May 22, 2017: Acta Neuropathologica
https://www.readbyqxmd.com/read/28533562/accelerating-tropicalization-and-the-transformation-of-temperate-seagrass-meadows
#5
Glenn A Hyndes, Kenneth L Heck, Adriana Vergés, Euan S Harvey, Gary A Kendrick, Paul S Lavery, Kathryn McMahon, Robert J Orth, Alan Pearce, Mathew Vanderklift, Thomas Wernberg, Scott Whiting, Shaun Wilson
Climate-driven changes are altering production and functioning of biotic assemblages in terrestrial and aquatic environments. In temperate coastal waters, rising sea temperatures, warm water anomalies and poleward shifts in the distribution of tropical herbivores have had a detrimental effect on algal forests. We develop generalized scenarios of this form of tropicalization and its potential effects on the structure and functioning of globally significant and threatened seagrass ecosystems, through poleward shifts in tropical seagrasses and herbivores...
November 1, 2016: Bioscience
https://www.readbyqxmd.com/read/28533125/markers-of-immune-mediated-inflammation-in-the-brains-of-young-adults-and-adolescents-with-type-1-diabetes-and-fatal-diabetic-ketoacidosis-is-there-a-difference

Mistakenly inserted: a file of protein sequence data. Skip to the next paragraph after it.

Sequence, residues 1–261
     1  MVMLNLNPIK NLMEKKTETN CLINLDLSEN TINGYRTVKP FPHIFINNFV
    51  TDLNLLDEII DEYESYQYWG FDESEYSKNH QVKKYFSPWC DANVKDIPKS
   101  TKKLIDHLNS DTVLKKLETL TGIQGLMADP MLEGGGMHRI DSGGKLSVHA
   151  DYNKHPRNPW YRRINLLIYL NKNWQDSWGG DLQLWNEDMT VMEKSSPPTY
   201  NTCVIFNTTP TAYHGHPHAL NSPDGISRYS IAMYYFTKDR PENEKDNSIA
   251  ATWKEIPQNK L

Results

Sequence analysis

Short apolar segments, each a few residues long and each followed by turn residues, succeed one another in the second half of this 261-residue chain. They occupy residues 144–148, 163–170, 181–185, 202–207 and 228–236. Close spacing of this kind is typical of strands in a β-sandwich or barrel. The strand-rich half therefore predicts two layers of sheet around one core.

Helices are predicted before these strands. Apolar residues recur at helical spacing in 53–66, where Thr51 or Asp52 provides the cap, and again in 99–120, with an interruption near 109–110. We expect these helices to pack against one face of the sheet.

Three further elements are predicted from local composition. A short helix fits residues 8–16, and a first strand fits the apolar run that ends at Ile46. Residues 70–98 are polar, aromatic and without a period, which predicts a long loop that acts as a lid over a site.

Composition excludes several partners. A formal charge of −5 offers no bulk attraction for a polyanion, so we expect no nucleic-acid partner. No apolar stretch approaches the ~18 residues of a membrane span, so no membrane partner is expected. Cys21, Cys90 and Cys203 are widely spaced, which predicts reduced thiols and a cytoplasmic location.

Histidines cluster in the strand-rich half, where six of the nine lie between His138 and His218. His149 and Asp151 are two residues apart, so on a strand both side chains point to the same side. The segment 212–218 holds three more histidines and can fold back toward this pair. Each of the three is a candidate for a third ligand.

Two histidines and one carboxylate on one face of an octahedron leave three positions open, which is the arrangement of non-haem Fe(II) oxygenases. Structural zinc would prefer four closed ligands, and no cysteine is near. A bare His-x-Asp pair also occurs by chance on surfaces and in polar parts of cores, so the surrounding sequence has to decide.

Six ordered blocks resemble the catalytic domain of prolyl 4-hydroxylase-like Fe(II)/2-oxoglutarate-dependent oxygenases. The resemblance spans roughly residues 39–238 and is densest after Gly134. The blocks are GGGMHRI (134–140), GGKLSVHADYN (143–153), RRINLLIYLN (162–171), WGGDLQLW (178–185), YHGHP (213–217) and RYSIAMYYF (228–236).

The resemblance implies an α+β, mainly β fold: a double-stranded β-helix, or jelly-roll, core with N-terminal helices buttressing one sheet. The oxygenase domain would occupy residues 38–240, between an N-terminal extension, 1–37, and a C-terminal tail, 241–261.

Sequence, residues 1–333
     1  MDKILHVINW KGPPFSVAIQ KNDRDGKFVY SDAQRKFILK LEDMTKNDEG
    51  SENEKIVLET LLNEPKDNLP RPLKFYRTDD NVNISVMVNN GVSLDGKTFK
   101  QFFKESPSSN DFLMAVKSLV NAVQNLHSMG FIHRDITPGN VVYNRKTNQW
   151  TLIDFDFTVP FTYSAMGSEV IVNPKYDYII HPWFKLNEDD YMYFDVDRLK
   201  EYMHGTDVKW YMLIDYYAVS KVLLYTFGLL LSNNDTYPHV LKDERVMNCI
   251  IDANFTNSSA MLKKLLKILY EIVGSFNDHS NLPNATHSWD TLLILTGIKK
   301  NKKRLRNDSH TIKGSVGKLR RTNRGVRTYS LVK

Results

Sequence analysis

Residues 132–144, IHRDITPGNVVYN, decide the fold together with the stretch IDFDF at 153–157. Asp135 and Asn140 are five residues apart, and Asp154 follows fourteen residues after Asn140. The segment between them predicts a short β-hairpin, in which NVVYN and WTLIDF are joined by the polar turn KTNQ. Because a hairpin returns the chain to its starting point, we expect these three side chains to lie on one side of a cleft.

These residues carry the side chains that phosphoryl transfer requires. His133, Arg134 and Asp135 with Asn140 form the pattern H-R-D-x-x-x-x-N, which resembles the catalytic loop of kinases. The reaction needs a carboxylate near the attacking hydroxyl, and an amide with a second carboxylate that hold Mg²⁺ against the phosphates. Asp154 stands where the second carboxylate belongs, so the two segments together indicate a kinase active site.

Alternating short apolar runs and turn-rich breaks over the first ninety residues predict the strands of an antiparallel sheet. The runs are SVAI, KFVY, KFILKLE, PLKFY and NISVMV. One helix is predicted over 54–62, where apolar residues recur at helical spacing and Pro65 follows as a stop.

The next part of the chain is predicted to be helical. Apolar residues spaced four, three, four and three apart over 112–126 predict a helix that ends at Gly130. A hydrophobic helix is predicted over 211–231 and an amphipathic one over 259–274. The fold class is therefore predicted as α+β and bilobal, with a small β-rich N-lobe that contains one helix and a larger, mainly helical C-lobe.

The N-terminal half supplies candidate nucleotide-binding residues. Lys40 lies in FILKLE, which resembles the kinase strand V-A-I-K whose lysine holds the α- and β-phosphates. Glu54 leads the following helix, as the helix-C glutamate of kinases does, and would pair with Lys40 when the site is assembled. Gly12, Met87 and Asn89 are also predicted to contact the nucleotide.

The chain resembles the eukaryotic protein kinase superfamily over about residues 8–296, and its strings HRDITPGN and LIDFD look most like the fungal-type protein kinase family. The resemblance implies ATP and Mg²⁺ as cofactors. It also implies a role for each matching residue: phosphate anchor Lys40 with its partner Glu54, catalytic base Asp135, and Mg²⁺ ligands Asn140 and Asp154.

#6
William H Hoffman, Carol M Artlett, Dallas Boodhoo, Mary G F Gilliland, Luis Ortiz, Dries Mulder, David H T Tjan, Alvaro Martin, Alexandru Tatomir, Horea Rus
Due to the limited data on diabetic ketoacidosis and brain edema (DKA/BE) in children/adolescents and the lack of recent data on adults with type 1 diabetes (T1D), we addressed the question of whether neuroinflammation was present in the fatal DKA of adults. We performed immunohistochemistry (IHC) studies on the brains of two young adults with T1D and fatal DKA and compared them with two teenagers with poorly controlled diabetes and fatal DKA. C5b-9, the membrane attack complex (MAC) had significantly greater deposits in the grey and white matter of the teenagers than the young adults (p=0...
May 19, 2017: Experimental and Molecular Pathology
https://www.readbyqxmd.com/read/28533118/white-matter-alterations-at-pubertal-onset
#7
Sila Genc, Marc L Seal, Thijs Dhollander, Charles B Malpas, Philip Hazell, Timothy J Silk
Recent neurodevelopmental research supports the contribution of pubertal stage to local and global grey and white matter remodelling. Little is known, however, about white matter microstructural alterations at pubertal onset. This study investigated differences in white matter properties between pre-pubertal and pubertal children using whole brain fixel-based analysis (FBA) of the microscopic density and macroscopic cross-section of fibre bundles. Diffusion-weighted imaging data were acquired for 74 typically developing children (M=10...
May 19, 2017: NeuroImage
https://www.readbyqxmd.com/read/28533056/white-matter-damage-after-traumatic-brain-injury-a-role-for-damage-associated-molecular-patterns
#8
REVIEW
Molly Braun, Kumar Vaibhav, Nancy M Saad, Sumbul Fatima, John R Vender, Babak Baban, Md Nasrul Hoda, Krishnan M Dhandapani